There are languages, such as Smalltalk, where this isn't the case: they use strict left-to-right evaluation order, only alterable by explicit parentheses. This parentheses inference in Iois used for arithmetic operators, string concatenation operators and so on, but it's also used for faking statements, like return, break or yield.

Parse transforms of assign operators

Operators of a special kind, called assign operators, are parsed in yet another way. In this case, operator name (eg. :=) is first mapped to a method name (eg. setSlot) via OperatorTable object, and then the call is transformed like this:

  someObject someName := someExpression
  # is converted (while parsing) to:
  someObject setSlot("someName", someExpression)

It should now be easy to see why my attempt at writing destructure (as shown above) operator failed. The parse transform assumes the first argument to the assign operator to always be a simple name. It then puts quotes around that name and passes resulting string as the first argument to the method implementing the operator. If that assumption is broken (by eg. operating on a more complex expression), the conversion to a quoted string fails and the whole thing errors out.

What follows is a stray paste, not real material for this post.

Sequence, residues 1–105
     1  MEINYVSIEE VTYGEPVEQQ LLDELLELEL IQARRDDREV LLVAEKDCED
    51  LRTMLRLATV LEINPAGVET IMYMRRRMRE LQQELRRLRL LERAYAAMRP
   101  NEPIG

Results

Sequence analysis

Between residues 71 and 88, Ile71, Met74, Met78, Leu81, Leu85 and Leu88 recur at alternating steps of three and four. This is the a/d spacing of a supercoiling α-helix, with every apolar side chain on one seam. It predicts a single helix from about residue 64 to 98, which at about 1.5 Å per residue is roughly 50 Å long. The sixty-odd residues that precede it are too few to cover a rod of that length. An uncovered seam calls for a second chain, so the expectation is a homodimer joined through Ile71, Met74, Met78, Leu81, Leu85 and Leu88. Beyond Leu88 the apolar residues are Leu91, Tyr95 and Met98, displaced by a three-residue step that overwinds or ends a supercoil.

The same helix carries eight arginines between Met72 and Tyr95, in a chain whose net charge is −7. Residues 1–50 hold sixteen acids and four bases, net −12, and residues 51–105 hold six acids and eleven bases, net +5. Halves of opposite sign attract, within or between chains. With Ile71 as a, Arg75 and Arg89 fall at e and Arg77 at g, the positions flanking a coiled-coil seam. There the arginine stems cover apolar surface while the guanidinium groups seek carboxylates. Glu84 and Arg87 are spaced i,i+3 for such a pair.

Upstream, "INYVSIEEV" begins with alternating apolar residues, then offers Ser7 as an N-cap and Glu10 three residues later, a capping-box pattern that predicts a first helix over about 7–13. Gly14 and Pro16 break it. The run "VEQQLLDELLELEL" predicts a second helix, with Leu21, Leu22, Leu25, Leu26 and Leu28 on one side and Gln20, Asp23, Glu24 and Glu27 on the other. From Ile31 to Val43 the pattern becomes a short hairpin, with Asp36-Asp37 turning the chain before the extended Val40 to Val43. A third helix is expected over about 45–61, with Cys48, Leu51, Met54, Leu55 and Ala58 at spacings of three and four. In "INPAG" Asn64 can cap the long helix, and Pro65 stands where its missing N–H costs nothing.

This is enforced during parsing, before any Io code has a chance to run, so it's impossible to change it from within the language. If you take a second to think about it, that restriction (to simple names only) doesn't make any sense and is not present anywhere else in the language. To fix it, however, I had to delve deeper, into the C code of Io interpreter.

Deep dive into Io interpreter

Io is implemented in C, with implementation consisting of a custom, tri-color mark and sweep[7] Garbage Collector, low-level co-routines[8] implementation and an interpreter[9].

It took me more time than I'm comfortable admitting to find the relevant code. While the documentation for Io exists, it's not very extensive - there's little information about the internals of the interpreter and its overall design. However, the bigger problem was wrestling with CMake and my own lack of knowledge about typical C tooling. It's slightly embarassing, since I worked with C and later C++ for years (although it was decades ago at this point...). Once I brushed up on my skills in this area, locating the place to fix and developing patch wasn't that hard, fortunately.